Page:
Fibromyalgia Symptoms Can Be Really Weird
Are you looking for a list of fibromyalgia symptoms? We’ve put together the real list. It’s not just what you will see in a textbook. These are our real symptoms. Our means the real people suffering the real experience of fibromyalgia symptoms every day. This is you, me and many others who have shared their experiences.
Below you will find a list of some of the effects of this weird illness. We’ have the right to say it’s weird if we want to, right? In fact, it’s weird that fibro is not even referred to as a disease process. It’s either symptoms or a syndrome.
What I’ve tried to do below is to compile a pretty concise list of fibromyalgia symptoms and provide you with some additional information to help you along on your fibromyalgia journey. If you have any symptoms you would like to add, just let me know.
A couple of other things. To help you understand what you’re going through. Even though you may feel like it sometimes, you are not crazy. No matter what the bad days look like or feel like, you are still a wonderful person with much to offer the world. You just have this nasty little thing called fibromyalgia.
Lastly, we’ll wrap it up with some great resource information. If there’s anything of value, it’s knowing what resources to tap into. This is half the battle when dealing with mysterious illnesses. If you’re interested, you can learn more about some of my personal struggles here in my about page. You may find, as I have, that understanding the struggles of others helps you understand your own.
Read on to get a really personal view of what a fibromyalgia life is like inside and out.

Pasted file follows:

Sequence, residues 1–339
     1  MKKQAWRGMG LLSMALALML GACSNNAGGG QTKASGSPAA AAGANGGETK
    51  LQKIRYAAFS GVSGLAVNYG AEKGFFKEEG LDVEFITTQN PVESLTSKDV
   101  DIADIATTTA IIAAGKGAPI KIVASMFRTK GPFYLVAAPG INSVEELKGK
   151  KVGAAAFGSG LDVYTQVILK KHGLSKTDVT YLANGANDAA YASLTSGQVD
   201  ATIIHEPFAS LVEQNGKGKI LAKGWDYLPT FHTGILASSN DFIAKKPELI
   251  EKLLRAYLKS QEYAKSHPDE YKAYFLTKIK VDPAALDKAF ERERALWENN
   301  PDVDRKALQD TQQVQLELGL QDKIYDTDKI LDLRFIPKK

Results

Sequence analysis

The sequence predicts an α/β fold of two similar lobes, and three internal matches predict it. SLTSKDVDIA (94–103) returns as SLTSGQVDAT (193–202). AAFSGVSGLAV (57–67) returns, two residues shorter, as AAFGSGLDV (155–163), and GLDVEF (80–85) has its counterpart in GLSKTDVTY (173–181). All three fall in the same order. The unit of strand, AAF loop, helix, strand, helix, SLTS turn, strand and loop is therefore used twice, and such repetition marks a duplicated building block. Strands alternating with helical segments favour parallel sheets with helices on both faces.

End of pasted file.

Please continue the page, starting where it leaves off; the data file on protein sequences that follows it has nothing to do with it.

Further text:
Fibromyalgia Symptoms & Fibromyalgia Syndrome Are Crazy
Let me start out by saying that fibromyalgia makes you think you’re crazy. At least in the beginning, that’s the way it
is. You just don’t know what’s happening to you. The bigger problem is that most people and doctors just don’t understand.
Now, let’s get into what it’s really like to deal with this crazy thing called fibromyalgia. Perhaps you’re not even diagnosed yet, in that case, let’s get busy helping you understand.
Do you suffer with strange aches, pains, brain fog or even confusion? You might have depression, sleep too much or not enough. It’s really hard to give a “textbook” example because it affects us all in various ways. I’ll do my best though.
Please remember, your symptoms may be different from mine and others as well. That doesn’t mean you don’t have fibromyalgia. It just means you could have a different compilation of symptoms.
First, let’s sort out the difference in fibromyalgia symptoms and fibromyalgia syndrome (FMS). It’s kind of a fine line, but many of us are diagnosed with the symptoms before the syndrome. I’ll explain why and what that’s all about.
When doctors diagnose someone with the syndrome it means that they have a certain amount of the diagnostic criteria present. According to the National Fibromyalgia Research Association (NFRA), the American College of Rheumatology (ACR) define the syndrome as follows:
- Pain on both sides of your body
- Above and below the waist pain in specific skeletal points